The Dakar 2023 is ready to go and will start on 31 December 2022 in Saudi Arabia and end on 15 January 2023. Audi is preparing to participate for the second time with the new generation of the electric prototype with range extender RS Q e-tron; after the four victories in last year’s stage, the declared goal is to conquer the podium, even if what really tempts is the final victory. The drivers, moreover, are of the highest level given that Audi lines up Mattias Ekström/Emil Bergkvist, Stéphane Peterhansel/Edouard Boulanger and Carlos Sainz/Lucas Cruz. Everyone will use the new RS Q e-tron “Our car is now very reliable and the improvements over the first generation are substantial. The dynamics and processes within the team are also tested.” said Rolf Michl, CEO of Audi Sport.
The Audi RS Q e-tron E2 is entered in the T1-U category and is powered by three electric motors: two MGUs (Motor Generator Units), one on each rear axle, take care of the traction, while a third unit acts as generator to help recharge the high voltage battery. Since there is no energy in the desert, the accumulators are replenished while driving by a range extender, i.e. a four-cylinder TFSI – direct injection petrol turbo – derived from DTM, the German Touring Car Championship. This engine is powered for the first time by a renewable fuel based on vegetable residues with no impact on the food supply chain, thanks to which CO2 emissions are reduced by 60% compared to the use of traditional racing fuel.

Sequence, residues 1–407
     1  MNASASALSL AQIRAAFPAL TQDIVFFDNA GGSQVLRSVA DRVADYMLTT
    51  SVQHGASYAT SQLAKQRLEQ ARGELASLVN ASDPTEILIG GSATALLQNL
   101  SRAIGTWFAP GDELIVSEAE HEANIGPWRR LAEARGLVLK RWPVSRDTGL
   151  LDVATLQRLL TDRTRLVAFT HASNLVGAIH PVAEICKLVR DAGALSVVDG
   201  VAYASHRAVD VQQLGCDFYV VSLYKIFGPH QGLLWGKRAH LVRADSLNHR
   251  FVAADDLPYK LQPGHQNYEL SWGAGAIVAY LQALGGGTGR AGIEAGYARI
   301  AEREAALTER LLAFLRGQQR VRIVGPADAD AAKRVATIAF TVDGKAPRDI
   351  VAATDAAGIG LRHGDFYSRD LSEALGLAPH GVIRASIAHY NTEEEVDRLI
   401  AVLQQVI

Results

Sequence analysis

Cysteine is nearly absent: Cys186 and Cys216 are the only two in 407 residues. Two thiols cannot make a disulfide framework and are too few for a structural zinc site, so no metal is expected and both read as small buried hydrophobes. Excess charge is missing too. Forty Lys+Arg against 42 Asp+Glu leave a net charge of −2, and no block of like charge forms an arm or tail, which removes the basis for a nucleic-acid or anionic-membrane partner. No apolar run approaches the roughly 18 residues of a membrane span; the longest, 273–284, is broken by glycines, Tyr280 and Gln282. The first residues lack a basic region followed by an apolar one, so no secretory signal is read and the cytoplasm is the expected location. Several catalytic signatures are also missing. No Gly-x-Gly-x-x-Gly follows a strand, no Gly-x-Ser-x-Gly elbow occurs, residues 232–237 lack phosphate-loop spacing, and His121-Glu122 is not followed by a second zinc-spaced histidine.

During development tests and the Morocco Rally – which generated very positive feedback last October – the second generation of the Audi RS Q e-tron showed reliability and high performance. “After Morocco, in Neuburg we completely disassembled and rebuilt all three cars, giving the crews the opportunity to drive them again before leaving for the Dakar” says Arnau Niubó Bosch, Project Leader Track Operations. “The engineers have trained Mattias, Emil, Stéphane, Edouard, Carlos and Lucas in detail on the technical solutions of the RS Q e-tron E2, so that they are able to intervene autonomously, as far as possible, in case of unforeseen events during the stages. Facing a two-week rally raid, a single negative day is enough to compromise the final result”.